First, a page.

That's all for now... as I said in the previous post, let me know if you think the watermarking thing is OK, or annoying, or ineffectual, or whatever. Thanks!

Enter Brakhage.

This is a test of sorts.

So far, everything I've posted on this blog in terms of photos/information has been done with the permission of the filmmakers (in some cases, like with Robert Nelson, the permission is implicit).

Marilyn Brakhage and I talked several months ago about starting to put Stan Brakhage related material on this blog as well.

For some time, we've periodically talked about the idea of a major website with lots of info about Stan and all of his work, ever expanding, but that's still a little ways off. (By the way, if you'd be interested in volunteering your help on that hypothetical project, contact me through this blog. Can't promise anything right now, but it'd be nice to gauge interest.)

In the meantime, Marilyn was OK with the idea of posting some stuff here, and I have tons of pictures and info I could share here, not that I want it to become an exclusively Brakhage blog or anything, but it's still quite a lot of fascinating stuff. One particular thing we agreed on would be to watermark the photos somehow, just to keep them from being circulated without some kind of notice of copyright and provenance attached. Fair enough?

So I'll give it a shot here today. I've put a lame, homemade watermark on the photo which will appear in the following post. Hopefully it's not too annoying or intrusive. Please let me know if you have a better suggestion, I'm all ears. What do you think?

Also, when I step back a bit, and take a gander at this blog, I realize that it isn't terribly specifically about film preservation, is it? It's more about unique, weird, amazing, or anomalous findings in the course of my working on the preservation of (primarily) experimental films, frequently having to do with unique production practices.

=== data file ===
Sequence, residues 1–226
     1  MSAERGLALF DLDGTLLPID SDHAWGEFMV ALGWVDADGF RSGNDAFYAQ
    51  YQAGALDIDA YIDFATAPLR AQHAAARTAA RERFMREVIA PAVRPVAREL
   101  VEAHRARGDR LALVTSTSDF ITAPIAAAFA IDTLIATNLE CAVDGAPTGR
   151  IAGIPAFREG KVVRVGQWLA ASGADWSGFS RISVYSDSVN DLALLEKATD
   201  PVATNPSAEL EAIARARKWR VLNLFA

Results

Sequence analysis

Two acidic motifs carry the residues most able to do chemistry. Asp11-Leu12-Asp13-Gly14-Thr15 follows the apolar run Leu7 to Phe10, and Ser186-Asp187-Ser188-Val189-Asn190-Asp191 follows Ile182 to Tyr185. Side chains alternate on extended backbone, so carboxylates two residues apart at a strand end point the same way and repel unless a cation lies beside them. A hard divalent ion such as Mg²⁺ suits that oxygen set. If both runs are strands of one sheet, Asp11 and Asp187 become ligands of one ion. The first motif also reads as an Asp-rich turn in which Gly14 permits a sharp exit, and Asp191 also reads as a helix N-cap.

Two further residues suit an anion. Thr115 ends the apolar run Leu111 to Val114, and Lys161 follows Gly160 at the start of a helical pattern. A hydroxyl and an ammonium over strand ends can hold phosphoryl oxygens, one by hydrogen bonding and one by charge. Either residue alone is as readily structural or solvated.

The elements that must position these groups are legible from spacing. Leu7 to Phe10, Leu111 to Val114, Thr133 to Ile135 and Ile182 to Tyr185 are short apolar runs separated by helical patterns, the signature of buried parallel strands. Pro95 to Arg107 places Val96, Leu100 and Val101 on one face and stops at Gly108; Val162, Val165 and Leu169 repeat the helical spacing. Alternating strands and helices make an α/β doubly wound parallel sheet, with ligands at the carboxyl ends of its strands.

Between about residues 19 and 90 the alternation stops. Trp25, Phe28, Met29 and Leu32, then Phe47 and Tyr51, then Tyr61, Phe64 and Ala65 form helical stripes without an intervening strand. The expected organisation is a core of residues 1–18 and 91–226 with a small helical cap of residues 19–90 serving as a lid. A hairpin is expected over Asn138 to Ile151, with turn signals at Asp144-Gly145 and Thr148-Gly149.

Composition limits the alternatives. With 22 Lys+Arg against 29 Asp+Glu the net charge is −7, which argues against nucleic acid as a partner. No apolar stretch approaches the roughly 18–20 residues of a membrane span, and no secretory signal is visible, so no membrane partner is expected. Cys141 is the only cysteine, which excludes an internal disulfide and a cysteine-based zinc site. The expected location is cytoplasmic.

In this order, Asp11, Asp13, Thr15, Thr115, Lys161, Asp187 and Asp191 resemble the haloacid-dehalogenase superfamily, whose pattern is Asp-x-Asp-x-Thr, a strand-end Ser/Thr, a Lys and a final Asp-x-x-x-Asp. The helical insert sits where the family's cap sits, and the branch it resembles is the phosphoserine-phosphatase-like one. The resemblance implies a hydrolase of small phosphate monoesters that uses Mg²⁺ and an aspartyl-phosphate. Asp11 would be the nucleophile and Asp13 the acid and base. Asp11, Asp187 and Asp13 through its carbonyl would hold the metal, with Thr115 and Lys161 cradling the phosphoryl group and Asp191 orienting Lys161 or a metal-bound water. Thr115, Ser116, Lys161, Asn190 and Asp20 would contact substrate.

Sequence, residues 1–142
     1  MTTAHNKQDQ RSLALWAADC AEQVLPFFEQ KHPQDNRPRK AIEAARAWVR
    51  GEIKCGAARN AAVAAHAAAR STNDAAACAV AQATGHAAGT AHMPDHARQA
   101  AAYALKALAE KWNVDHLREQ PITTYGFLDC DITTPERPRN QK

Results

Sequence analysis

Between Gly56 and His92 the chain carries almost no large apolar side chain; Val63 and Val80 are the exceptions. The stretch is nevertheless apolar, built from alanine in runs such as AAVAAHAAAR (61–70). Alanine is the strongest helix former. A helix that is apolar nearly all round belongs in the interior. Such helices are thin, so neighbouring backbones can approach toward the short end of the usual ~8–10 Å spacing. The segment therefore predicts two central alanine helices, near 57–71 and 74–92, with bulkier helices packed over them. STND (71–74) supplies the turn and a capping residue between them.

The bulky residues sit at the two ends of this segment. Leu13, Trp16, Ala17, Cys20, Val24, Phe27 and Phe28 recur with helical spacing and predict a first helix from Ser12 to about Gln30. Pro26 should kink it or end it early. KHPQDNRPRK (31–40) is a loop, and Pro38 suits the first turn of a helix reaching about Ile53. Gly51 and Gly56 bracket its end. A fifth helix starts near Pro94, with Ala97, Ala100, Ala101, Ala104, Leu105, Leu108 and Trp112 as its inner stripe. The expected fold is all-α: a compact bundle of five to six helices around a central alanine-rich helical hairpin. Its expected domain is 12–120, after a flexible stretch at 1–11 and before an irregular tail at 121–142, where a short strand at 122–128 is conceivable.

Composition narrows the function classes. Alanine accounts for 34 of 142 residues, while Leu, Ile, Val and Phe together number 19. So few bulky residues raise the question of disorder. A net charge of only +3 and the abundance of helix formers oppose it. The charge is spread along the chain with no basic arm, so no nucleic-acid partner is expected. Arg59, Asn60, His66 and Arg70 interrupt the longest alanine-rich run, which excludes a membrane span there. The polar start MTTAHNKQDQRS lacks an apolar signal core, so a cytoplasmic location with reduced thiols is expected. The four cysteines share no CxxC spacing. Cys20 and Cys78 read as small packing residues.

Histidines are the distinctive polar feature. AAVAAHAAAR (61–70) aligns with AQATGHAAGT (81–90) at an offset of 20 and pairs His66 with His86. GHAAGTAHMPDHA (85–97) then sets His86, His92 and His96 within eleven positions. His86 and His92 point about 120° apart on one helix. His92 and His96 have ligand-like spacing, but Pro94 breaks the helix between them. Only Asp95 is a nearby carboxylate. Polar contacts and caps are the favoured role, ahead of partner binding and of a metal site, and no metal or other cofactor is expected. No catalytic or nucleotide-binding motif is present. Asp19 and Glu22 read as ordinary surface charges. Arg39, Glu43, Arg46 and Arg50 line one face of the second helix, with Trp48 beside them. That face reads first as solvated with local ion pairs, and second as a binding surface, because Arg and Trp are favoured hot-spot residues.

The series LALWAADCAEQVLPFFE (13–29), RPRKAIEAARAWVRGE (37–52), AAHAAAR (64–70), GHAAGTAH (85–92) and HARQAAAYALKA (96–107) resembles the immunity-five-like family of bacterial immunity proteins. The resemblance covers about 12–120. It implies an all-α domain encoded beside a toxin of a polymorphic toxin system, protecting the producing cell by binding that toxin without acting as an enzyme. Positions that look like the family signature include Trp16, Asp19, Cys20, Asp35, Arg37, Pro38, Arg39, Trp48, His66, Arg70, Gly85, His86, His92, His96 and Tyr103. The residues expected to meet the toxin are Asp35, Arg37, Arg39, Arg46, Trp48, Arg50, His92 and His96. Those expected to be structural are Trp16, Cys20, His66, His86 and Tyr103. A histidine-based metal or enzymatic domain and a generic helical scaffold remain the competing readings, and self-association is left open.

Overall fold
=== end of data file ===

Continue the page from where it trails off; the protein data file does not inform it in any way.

So should I include more preservation information? Is anybody curious about that kind of stuff and would like more of it? I'm extremely open to suggestions.

Thanks for reading!

Sunday, February 15, 2009

Suggestions? Comments? Questions?

I have no idea how many people look at this blog, especially considering it's so sporadically updated. But sometimes people will mention to me that they check it periodically, so I guess somebody's looking at it.

Anyway, I thought I'd specifically solicit suggestions, request, comments, etc. at this point. Do you have questions about something general or something in particular that I might be able to answer through this blog? Requests for coverage of specific films/filmmakers/questions about film preservation? Random thoughts? General feedback? Students of film archiving are particularly welcome and encouraged.

I'd love to hear from people, both to get a sense of who's actually reading this thing, and with the idea that if people have specific questions or feedback, it'll probably prompt me to update more regularly.

Anyhow, thanks for reading!

-Mark T

P.S. For those of you in the Bay Area, hope you can make it to the SF Cinematheque screening I'll be doing on April 1 at Yerba Buena. It'll be a nice, hefty show of restored experimental works from L.A. in the '60s-'70s. Lots of beautiful and crazy stuff, including films by Thom Andersen, Morgan Fisher, Gary Beydler, Roberta Friedman & Grahame Weinbren, David Wilson, Diana Wilson, Fred Worden, Chris Langdon, and Pat O'Neill.

p.p.s. The "cut here" image is from a preservation project I've been working on for Picasso (1973) by Chris Langdon.

Friday, February 13, 2009

Time Squared

In the meantime, here's the original titlecard for Ed Emshwiller's Thanatopsis (1962), before it was called Thanatopsis:

OK, I promise a post on Print Generation is still coming, but I'm waiting to get a print from J.J. to fully figure everything out. Ultimately, I'm intending it to be a sort of technical breakdown of the film's production. J.J. said that would be cool - I was worried he would think it would demystify the movie somehow, but he wasn't worried about that.

Also, in an ideal world, I'd make a scan of the same frame from every single generation, which I think would be a pretty amazing demonstration from a technical point of view. If anyone wants to volunteer to do this, drop me a line. Ideally, you're in LA and have time on your hands.